How many old bridesmaid dresses are hanging in your closet? While Katherine Heigl likely takes the cake with twenty-seven, we’d bet you have at least one or two old dresses lying around. 

As hard as brides try to choose a dress their maids can rewear, it’s easier said than done. Bridesmaid dresses are notoriously expensive, formal, and often match the bride’s personal style more than the women wearing it. 

Recently, we’ve noticed a rise in mismatched bridal party looks. This non-traditional approach allows bridesmaids to choose their own outfits (within reason) and showcase their personal styles. Keep reading to learn why some brides are loosening the reins and prioritizing coordinated attire over identical outfits.

Photo by Joeyy Lee

The History Behind Matching Bridal Party Looks

Matching bridal party looks date back to the fifteenth century. Legend has it that bridesmaids and groomsmen dressed identical so as to confuse evil spirits or jealous suitors and prevent them from interfering with the wedding.

These days, engaged couples are less concerned with warding off evil spirits and more concerned with making their friends feel comfortable on their big day.

The Benefits of Mismatched Bridesmaid Dresses

The shift from matching dresses to coordinated looks is not just aesthetic — in fact, it is largely value-driven. Today’s brides want their wedding party to feel celebrated and comfortable, not stuck in a potentially unflattering (and expensive) dress. By allowing your bridesmaids to choose their own dresses, you’re empowering them to look and feel their best. After all, they’re standing at the end of the aisle, too! 

Many couples are also interested in hosting sustainable celebrations. A bridesmaid dress that is worn once and forgotten about is the antithesis of sustainability. If you allow your bridesmaids to choose their own dresses, they are more likely to purchase something that they love and are excited to wear again and again. They might even already have something in their closet that fits your wedding day vibe.

A mismatched bridal party also adds a unique element to your wedding day that will withstand the test of time and trends.

Photo by TVBEATS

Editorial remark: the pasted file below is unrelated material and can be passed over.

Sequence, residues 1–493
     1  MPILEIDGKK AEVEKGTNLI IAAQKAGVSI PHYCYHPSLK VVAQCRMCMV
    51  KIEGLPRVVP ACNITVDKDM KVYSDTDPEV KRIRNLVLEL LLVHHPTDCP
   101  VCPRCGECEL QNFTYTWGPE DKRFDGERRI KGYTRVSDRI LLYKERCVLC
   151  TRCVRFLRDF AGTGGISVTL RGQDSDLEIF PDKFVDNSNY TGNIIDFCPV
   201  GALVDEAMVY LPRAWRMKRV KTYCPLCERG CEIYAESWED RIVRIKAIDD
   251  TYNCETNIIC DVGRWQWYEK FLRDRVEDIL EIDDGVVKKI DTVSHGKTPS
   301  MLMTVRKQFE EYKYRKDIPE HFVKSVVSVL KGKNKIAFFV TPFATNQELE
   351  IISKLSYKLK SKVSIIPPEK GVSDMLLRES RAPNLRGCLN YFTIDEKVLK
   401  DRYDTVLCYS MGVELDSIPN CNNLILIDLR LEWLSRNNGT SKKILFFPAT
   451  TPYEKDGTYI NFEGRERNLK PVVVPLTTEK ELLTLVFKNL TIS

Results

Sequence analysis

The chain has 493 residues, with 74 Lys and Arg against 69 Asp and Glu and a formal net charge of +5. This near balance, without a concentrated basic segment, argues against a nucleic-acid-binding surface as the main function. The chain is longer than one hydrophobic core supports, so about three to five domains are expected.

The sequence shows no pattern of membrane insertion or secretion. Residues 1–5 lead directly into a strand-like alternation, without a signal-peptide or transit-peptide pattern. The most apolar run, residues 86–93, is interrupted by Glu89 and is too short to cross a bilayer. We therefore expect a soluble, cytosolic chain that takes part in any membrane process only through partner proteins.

How to Coordinate Mismatched Looks

Before you let your bridal party go rogue with their wedding day attire, consider these approaches to mismatched looks: 

  • Different colors, same styles: Choose a silhouette and allow each bridesmaid to choose their dress color. You can give them a color swatch if you have specific colors in mind, or let them choose a color on their own.  
  • Different styles, same colors: Give each bridesmaid a color swatch and let them choose a dress that both fits and flatters. 
  • Pattern play: Love a bold look? Ask your bridesmaids to dress in a specific pattern, like floral or sequins, for a fun twist. You could alternate the pattern among your bridal party or ask everyone to incorporate it into their outfits.

Tips for Styling Your Bridal Party

Love the mismatched approach but worried about losing control? Consider setting a few simple boundaries to keep everyone in check.

Ask for pictures of each bridesmaid’s dress. This will help you make sure nothing clashes too badly – or that no one matches too well! If you’re going for a mismatched look, the last thing you want is two bridesmaids wearing the same dress. 

Coordinate dresses and ties. Let your bridesmaids choose their outfits first, then use the respective colors or patterns to decide what ties your groomsmen will wear. You could match each tie to each dress, or find a tie that complements each dress and ties it all together (no pun intended). 

Use accessories and bouquets to create consistency. If everyone is wearing a different color, ask them to wear a neutral colored shoe for a cohesive touch. For flowers, incorporate the various colors from your bridesmaid dresses into each bouquet to nod at the full lineup. 

As you decide what outfits your bridal party will wear, we hope these tips help you experiment with something new!

Rachel Kauffman is a Detroit-based content writer, bookworm, and cat mom to two feisty felines.